WEDNESDAY, June 11th at noon on "The Source" — Texas’ Compassionate Use Program (CUP) was first established in 2015. Its initial iteration was one of the country’s most restrictive.
House Bill 3703 from the 2019 state legislative session expanded the list of qualifying conditions that physicians can use to prescribe medical cannabis.
Individuals suffering from intractable epilepsy were initially the only patients allowed to be enrolled in CUP. With passage of HB 3703, patients suffering from seizure disorders, multiple sclerosis, terminal cancer and several more qualify for medical cannabis treatment.
The bill expands the medicinal use of cannabis products like CBD oil that are low in THC, the psychoactive element in marijuana. CBD oil, derived from hemp, is non-intoxicating.
Currently, Texas allows the production and sale of CBD products with low levels of THC. Medicinal CBD products contain 0.5 percent THC while over-the-counter CBD products are capped at 0.3 percent.
What does science say about the effects of cannabis for medical use? What other conditions could be treated with these substances? How are they administered?
How can patients get more information about the state's Compassionate Use Program? How will these policy changes expand healthcare options for Texans?
Marijuana use among seniors in the U.S. rose tenfold over a decade as more baby boomers use it to treat a range of ailments, including pain, anxiety and depression, according to a University of Colorado study.
Some 3.7% of U.S. adults age 65 or older used cannabis in the past year, a more than tenfold increase from 0.3% in 2007, data from the National Survey of Drug Use and Health showed. In 2017, 9.4% of adults ages 60 to 64 reported using marijuana in the past year, up from 1.9% 10 years earlier.
As more states legalize medical and recreational cannabis, the number of older Americans using the drug is expected to rise, said Dr. Hillary Lum, assistant professor at the University of Colorado School of Medicine and co-author of a study published last month in the journal Drugs and Aging that examined pot use among Americans over age 60.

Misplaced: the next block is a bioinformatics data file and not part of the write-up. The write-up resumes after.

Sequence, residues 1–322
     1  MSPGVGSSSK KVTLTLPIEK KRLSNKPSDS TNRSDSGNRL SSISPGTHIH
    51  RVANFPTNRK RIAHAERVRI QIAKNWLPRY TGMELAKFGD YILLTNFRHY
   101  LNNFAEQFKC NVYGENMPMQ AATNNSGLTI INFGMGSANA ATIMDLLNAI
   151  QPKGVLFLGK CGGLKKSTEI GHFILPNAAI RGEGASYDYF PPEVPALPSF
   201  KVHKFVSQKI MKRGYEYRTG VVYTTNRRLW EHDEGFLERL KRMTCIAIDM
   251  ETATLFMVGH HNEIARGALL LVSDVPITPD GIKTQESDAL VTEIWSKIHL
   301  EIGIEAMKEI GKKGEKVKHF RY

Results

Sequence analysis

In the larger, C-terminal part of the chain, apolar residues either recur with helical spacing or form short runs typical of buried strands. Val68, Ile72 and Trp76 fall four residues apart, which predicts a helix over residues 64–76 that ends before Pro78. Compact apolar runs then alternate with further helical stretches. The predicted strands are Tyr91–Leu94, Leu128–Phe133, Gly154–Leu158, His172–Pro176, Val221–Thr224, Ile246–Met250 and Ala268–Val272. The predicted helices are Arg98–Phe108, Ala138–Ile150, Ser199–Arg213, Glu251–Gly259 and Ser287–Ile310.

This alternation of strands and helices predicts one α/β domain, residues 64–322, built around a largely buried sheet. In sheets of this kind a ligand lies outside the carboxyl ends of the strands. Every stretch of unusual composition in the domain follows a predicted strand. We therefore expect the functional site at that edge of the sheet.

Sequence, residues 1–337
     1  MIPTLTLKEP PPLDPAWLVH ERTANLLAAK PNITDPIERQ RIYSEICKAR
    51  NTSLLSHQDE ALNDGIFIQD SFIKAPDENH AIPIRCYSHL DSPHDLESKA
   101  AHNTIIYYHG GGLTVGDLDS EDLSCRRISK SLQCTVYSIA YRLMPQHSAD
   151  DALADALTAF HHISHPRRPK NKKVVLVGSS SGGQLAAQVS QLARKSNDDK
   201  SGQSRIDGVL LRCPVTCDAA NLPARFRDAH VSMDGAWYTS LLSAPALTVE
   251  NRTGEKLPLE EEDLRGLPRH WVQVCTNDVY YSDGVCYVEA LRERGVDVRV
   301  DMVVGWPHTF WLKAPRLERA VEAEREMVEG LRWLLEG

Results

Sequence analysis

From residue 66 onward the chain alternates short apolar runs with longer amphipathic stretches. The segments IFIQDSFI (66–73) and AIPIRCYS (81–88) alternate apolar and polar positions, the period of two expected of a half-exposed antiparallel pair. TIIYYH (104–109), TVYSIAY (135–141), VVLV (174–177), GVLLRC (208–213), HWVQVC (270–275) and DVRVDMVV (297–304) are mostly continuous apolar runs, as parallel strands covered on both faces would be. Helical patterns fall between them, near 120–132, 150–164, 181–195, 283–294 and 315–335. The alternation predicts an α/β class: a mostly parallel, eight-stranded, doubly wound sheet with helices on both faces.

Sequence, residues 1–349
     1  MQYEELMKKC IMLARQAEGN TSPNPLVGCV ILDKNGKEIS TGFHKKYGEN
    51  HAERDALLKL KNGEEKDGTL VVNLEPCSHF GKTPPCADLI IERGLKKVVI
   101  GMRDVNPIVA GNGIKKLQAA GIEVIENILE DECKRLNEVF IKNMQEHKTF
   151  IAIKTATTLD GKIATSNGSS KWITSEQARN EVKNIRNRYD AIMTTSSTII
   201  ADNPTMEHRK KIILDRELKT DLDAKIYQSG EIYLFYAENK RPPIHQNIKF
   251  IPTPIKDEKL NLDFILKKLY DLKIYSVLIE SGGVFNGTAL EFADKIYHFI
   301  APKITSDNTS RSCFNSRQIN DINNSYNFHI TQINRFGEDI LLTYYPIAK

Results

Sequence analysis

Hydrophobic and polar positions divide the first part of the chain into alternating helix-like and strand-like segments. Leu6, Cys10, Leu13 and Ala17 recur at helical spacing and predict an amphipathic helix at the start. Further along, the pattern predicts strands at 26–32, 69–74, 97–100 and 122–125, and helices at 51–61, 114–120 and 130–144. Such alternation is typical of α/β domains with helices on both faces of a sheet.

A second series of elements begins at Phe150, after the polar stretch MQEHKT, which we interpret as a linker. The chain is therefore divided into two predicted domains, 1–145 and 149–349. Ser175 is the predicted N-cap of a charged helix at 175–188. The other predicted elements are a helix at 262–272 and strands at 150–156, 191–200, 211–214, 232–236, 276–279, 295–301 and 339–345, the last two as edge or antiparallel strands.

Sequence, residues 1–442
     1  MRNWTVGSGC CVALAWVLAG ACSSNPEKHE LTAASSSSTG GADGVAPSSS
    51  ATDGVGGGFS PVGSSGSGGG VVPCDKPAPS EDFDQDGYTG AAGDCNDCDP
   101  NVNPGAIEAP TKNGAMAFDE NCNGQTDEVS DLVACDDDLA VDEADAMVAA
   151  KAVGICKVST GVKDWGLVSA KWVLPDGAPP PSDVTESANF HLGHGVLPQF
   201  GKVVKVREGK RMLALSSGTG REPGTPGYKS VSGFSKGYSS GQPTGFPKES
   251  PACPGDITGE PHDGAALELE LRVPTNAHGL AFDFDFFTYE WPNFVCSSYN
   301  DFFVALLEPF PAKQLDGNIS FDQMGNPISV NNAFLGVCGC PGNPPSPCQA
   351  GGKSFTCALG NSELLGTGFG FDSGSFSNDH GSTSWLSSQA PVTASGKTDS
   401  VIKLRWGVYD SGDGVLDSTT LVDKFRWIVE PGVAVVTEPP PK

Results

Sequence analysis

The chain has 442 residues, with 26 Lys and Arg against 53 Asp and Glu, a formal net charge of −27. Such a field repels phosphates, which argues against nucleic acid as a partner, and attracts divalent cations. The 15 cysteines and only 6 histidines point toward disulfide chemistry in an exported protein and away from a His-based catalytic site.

Recreational marijuana use is legal in Colorado and 10 other states and the District of Columbia, while medical marijuana is legal in 33 states. Even so, many older Americans are having trouble finding medical marijuana, Lum said.
Lum’s research team surveyed 136 people over age 60 at Colorado senior centers, health clinics and cannabis dispensaries in 2017. Many study participants said they had problems accessing medical cannabis, adding that there was a lack of education among physicians when it comes to treating ailments with marijuana. Some of the study’s participants didn’t ask their doctors about it because of the stigma.
The participants said doctors should work to learn more about medical marijuana, including dosage, method of usage and potential benefits or risks older adults face when using the drug. Some told the researchers their primary care doctors were either unable or unwilling to approve a medical marijuana card, which would allow them to purchase the drug at a medical dispensary.
“I think they should be a lot more open to learning about it and discussing it with their patients,” one study participant said. “Because at this point I have told my primary care I was using [marijuana] on my shoulder. And that was the end of the conversation. He didn’t want to know why, he didn’t want to know about effects, didn’t want to know about side effects, didn’t want to know anything.”
Many study participants said they chose to instead purchase their marijuana from recreational dispensaries, which often cost more, because of a reluctance to ask their doctors for a medical marijuana card or because they would have to leave their health insurance network to find another provider that would give them a card.
Meet the multimillionaire who’s been called the ‘Steve Jobs of cannabis’